In Re: Ohio Execution Protocol Litigation
ORDER denying 1309 Motion to Compel. Signed by Magistrate Judge Michael R. Merz on 10/20/2017. (MRM)
IN THE UNITED STATES DISTRICT COURT
FOR THE SOUTHERN DISTRICT OF OHIO
EASTERN DIVISION AT COLUMBUS
In re: OHIO EXECUTION
Case No. 2:11-cv-1016
Chief Judge Edmund A. Sargus, Jr.
Magistrate Judge Michael R. Merz
This Order relates to Plaintiffs
and Raymond Tibbetts
Execution Scheduled 11/15/2017
Execution Scheduled 02/13/2018
DECISION AND ORDER ON MOTION TO COMPEL
This method-of-execution case, brought pursuant to 42 U.S.C. § 1983, is before the Court
on Plaintiff Tibbetts and Campbell’s Motion to Compel Discovery (ECF No. 1309), filed at
11:19 p.m. on October 18, 2017. At the conclusion of the deposition of Carol Wright on October
19, 2017, the Court heard oral argument from counsel for all parties.1 At 12:57 p.m. on October
20, 2017, Plaintiffs filed their Reply Memorandum in Support (ECF No. 1316).
The Motion seeks to compel the production of statements made by nine different ODRC
employees to ODRC Counsel Stephen Gray regarding their observations at the execution of Gary
Otte on September 13, 2017, the existence of which was disclosed in a privilege log furnished by
Defendants to Plaintiffs at 3:53 p.m. on Wednesday, October 18, 2017. At the Court’s request,
the documents were provided to the Court for in camera inspection on the afternoon of October
That argument has not yet been transcribed.
Among the documents is a statement prepared by Larry Greene which the Court
previously found to be attorney work product. On October 12, 2017, the Court sustained the
privilege objection on the basis that the Plaintiffs had been able to depose Mr. Greene. (ECF No.
1292, PageID 47212-13, citing Fed. R. Civ. P. 26(b)(3)(A)(ii)). That statement continued to be
protected by the prior ruling and the Motion to Compel as to Mr. Greene’s statement is denied on
Plaintiffs do not in their instant Motion dispute the correctness of that prior ruling. That
is to say, they at least implicitly concede that these documents are attorney fact work product,
Instead they assert that the privilege has been waived Defendant’s failure to disclose the
existence of the documents and make a timely assertion of privilege. They note that their
document request was made, as the Court’s Scheduling Order required, on September 29, 2017
(ECF No. 1245, PageID 45390, ¶ 5). The same order required responses to be made and filed by
5:00 p.m. on October 6, 2017. Id.
Plaintiffs claim prejudice from being unable to depose some of these witnesses and that
they were “crippled in their ability to fully question those witnesses who were deposed because
Plaintiffs were not made aware that other witnesses had given statements – protected or
otherwise.” (Reply, ECF No. 1309, PageID 47478-79).
In orally opposing the Motion, Defendants’ counsel Joselyn Lowe acknowledged that
neither the witnesses nor the statements had been disclosed prior to production of the privilege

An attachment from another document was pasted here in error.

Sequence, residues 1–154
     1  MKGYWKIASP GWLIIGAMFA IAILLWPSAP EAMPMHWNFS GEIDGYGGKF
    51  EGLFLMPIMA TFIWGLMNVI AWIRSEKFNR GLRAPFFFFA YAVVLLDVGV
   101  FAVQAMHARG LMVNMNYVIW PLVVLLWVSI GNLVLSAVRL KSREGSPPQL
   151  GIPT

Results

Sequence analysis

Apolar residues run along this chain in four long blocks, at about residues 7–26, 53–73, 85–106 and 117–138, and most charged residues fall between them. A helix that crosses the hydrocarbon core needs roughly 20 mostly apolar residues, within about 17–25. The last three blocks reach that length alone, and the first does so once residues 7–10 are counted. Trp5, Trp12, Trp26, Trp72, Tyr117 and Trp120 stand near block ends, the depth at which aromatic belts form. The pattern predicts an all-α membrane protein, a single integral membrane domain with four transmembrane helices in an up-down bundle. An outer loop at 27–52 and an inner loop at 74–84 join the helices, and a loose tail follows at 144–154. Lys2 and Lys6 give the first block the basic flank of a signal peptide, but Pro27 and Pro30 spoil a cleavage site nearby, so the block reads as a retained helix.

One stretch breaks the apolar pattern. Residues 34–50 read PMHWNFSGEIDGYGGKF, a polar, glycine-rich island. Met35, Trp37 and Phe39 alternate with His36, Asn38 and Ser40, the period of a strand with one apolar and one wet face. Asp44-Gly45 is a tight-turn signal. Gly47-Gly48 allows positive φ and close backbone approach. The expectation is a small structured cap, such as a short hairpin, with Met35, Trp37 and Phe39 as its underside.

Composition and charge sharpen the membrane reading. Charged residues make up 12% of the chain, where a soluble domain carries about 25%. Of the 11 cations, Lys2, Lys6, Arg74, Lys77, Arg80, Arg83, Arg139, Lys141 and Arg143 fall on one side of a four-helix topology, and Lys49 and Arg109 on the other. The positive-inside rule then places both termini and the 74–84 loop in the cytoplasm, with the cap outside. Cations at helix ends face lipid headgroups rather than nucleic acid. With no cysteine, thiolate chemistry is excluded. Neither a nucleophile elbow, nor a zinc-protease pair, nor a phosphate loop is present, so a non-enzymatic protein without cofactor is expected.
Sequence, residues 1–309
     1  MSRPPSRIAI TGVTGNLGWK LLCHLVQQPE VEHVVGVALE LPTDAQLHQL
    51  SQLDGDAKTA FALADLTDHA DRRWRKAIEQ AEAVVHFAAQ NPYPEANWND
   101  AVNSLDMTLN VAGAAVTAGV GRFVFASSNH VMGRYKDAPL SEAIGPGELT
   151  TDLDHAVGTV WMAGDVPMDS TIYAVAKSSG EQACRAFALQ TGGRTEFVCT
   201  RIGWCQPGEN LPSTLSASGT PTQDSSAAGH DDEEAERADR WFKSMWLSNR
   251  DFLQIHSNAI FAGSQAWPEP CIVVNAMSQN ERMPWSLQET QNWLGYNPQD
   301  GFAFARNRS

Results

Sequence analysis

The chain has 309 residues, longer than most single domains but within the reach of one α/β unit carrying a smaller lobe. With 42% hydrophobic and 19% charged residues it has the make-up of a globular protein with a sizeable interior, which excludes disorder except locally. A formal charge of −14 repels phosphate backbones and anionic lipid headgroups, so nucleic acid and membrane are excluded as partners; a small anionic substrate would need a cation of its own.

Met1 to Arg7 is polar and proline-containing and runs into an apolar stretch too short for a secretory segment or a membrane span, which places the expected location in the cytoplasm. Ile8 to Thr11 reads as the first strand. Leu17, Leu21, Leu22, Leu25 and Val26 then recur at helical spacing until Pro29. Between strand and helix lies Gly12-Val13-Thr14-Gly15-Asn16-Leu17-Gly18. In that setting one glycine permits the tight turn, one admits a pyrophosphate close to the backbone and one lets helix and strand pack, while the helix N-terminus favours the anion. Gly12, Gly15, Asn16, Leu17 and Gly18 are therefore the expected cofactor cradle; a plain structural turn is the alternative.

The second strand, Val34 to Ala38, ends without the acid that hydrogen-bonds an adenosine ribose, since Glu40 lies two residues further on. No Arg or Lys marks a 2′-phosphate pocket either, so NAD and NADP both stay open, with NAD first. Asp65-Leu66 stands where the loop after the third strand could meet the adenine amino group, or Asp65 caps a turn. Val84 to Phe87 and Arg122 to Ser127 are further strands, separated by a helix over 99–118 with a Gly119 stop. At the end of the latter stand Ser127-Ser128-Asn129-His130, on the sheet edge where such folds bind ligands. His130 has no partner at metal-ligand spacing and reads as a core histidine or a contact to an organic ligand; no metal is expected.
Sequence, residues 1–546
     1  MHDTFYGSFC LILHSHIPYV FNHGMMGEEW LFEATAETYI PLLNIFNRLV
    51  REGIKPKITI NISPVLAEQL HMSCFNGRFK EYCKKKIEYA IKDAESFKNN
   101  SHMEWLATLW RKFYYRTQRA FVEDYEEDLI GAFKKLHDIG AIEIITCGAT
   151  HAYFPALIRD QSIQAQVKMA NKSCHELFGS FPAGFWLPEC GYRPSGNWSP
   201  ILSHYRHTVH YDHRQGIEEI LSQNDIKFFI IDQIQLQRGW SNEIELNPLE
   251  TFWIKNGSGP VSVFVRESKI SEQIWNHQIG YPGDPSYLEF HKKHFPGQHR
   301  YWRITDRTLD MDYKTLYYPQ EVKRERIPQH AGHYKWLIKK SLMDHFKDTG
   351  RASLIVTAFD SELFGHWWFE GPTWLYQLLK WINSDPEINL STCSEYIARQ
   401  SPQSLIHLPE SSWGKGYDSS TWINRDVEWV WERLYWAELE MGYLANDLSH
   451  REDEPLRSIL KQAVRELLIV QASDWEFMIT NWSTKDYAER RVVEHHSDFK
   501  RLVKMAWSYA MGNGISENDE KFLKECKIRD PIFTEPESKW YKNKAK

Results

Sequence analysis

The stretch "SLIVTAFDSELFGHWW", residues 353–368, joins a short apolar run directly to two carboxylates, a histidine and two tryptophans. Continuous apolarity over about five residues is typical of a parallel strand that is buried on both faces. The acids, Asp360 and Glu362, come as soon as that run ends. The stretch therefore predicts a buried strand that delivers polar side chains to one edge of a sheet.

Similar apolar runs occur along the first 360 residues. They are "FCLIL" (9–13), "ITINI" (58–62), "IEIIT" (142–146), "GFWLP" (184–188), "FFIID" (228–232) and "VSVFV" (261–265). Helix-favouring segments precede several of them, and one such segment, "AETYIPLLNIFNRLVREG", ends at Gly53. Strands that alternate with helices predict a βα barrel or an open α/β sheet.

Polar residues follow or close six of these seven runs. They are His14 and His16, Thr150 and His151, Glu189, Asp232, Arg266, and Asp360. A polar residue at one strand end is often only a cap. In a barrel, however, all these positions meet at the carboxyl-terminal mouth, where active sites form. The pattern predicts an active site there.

log on October 18, 2017. She claimed this was due to inadvertence and the pressure of the
workload in this case.
Fed. R. Civ. P. 37 authorizes a district court to sanction a party for violation of his or her
discovery obligations. However, Fed. R. Civ. P. 37(a)(2) expressly requires that a motion to
compel “must include a certification that the movant has in good faith conferred or attempted to
confer with the person or party failing to make disclosure or discovery in an effort to obtain it
without court action.” Plaintiffs’ Motion to Compel contains no such certification and in fact
affirmatively represents that “Plaintiffs have not further conferred with Defendants concerning
their position on the motion.” (Motion, ECF No. 1309, PageID 47476, n. 1.) This Court, long
before it became a national rule, has insisted on attorney conferral before a motion to compel is
filed. Local Rule 17(a), effective September 1, 1969, provided that no motion under Rule 37
would be considered until the matter had been explored with opposing counsel “in an effort to
informally handle the matter . . .” On that basis the Motion to Compel is DENIED.
As an additional basis for denial, the Court finds any prejudice to Plaintiffs is minimal or
non-existent. Messrs. Cool, Green, and Woods have all been deposed. In addition to them, the
identity of the other ODRC personnel who gave statements was, according to her deposition
testimony, known to Ms. Wright2 as person who were present at SOCF at the time of the Otte
execution who observed or were in a position to observe the matters about which she was crossexamined at her deposition.
Finally, having examined the statements in camera, the Court finds that none of them
contain information favorable to Plaintiffs’ position(s) regarding what happened at the Otte
execution, assuming that the Court understands that position adequately from the filings and Ms.
Mike Davis was not known to her by name, but was known by description as an ODRC employee who was
Wright’s deposition. Put another way, had it been asked to authorize these depositions on the
basis of the content of the statements, it would not have done so. That said, the Court will have
the statements available at the time of the hearing and will be able to reconsider this ruling if the
contents of the statements become material, directly or for impeachment.
The Motion to Compel is DENIED.
October 20, 2017.
s/ Michael R. Merz
United States Magistrate Judge
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